Meet the Cast of SugarStars

One sweet show we’re definitely looking forward to this fall is SugarStars.

This real-life sitcom series follows four wacky friends-turned-business partners as they design and create over-the-top customized sweet tables for some of the swankiest events and celebrities —  Jordan Knight (!) of New Kids on the Block for one. (Er maybe we’re dating ourselves. Nevermind.)

As you’ll soon see for yourself, whipping up delectable desserts and producing mind-blowing extravaganzas is all in a day’s work for this foursome.

Above from left: Yolanda (Cake Decorator), Caspar (Event and Table Stylist), Antonella (Shop Assistant) and  Elle (Creative Director)


We recently visited the set of the show and got a firsthand glimpse at the cast in action. Elle, Caspar, Yolanda and Antonella were just as hilarious and zany off camera as they are on.

Check out the video below to find out more about the show, their dream celebrity clients, must-have items for the perfect sweet table and more.

SugarStars premieres with two back-to-back episodes on August 27, starting at 10pm ET/PT.


Complete Your Picnic with Canadian Cheese

Summer and picnic go hand in hand. Add your favourite Canadian cheese to make your picnic epic!


When the weather is warm, I love dining in the great outdoors with family and friends. There’s no better way to celebrate a warm summer day or night than with a feast of home-cooked food served under a big sky. Moreover, swapping reservations for a picnic basket is an affordable and delicious way to eat out without worrying about your budget or choosing a restaurant.  These easy picnic dishes will make great additions to your next outdoor feast.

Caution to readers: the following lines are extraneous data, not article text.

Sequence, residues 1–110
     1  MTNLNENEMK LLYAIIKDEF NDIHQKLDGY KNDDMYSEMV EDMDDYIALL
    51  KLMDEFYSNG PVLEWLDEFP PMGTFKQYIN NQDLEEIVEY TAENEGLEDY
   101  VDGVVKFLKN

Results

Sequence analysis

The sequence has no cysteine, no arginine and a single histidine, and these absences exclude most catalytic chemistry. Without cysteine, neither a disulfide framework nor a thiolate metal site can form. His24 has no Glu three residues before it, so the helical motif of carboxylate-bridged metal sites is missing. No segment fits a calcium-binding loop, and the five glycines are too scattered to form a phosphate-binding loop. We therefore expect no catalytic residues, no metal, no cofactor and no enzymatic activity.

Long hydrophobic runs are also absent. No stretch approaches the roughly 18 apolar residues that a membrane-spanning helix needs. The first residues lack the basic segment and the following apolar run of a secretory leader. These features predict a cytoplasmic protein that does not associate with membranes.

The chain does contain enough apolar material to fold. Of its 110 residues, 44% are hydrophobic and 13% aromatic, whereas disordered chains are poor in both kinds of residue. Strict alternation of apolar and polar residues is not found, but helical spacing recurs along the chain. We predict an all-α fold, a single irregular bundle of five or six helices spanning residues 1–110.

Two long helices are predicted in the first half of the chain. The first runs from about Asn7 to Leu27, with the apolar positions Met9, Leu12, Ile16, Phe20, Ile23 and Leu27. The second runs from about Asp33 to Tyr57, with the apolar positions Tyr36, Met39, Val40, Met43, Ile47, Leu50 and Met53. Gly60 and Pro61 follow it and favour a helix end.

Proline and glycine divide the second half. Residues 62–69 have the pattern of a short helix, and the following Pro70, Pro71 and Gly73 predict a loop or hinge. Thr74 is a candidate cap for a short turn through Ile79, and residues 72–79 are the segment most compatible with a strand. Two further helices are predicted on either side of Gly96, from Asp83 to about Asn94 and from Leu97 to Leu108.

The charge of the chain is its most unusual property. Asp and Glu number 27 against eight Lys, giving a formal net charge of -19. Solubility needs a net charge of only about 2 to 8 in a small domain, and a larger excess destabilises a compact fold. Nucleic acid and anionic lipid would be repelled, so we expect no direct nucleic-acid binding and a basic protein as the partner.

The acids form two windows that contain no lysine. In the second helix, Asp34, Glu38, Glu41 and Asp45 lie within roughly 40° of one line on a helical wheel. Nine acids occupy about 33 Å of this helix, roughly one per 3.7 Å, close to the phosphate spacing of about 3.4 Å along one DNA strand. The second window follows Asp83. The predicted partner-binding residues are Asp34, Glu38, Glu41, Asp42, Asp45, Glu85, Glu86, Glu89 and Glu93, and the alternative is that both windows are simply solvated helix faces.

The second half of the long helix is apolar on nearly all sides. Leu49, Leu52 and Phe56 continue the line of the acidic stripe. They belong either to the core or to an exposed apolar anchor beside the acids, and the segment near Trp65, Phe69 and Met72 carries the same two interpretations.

Vegetarian Couscous with Feta


Couscous is one of my favourite ingredients to use when throwing together a big summer salad.  It’s affordable, cooks quickly, and makes a satisfying dish that keeps well in the fridge. For this recipe, sautéed vegetables, chickpeas, fresh tomatoes and herbs are tossed with Canadian Feta to create a delicious Mediterranean-inspired dish with sweet and spicy notes.  It can be served hot but is just as good cold, making it an ideal dish to prepare in advance for a picnic.


Cold Vegetable Pizza with Hummus and Havarti


Pita and hummus are my trusted standbys. Served alongside vegetables and Canadian Havarti, you’ve got a quick appetizer or an easy picnic meal, especially if children are included. Not only is it nutritious and hearty, kids can assemble their own pizza by choosing their favourite ingredients. Top whole wheat pita bread with sweet red pepper hummus and layer with Canadian Havarti, grated carrots, cucumber and sweet red pepper. Each pizza round can be eaten whole or cut into triangles and served to adults.


Thai-Style Shrimp and Cheddar Spring Rolls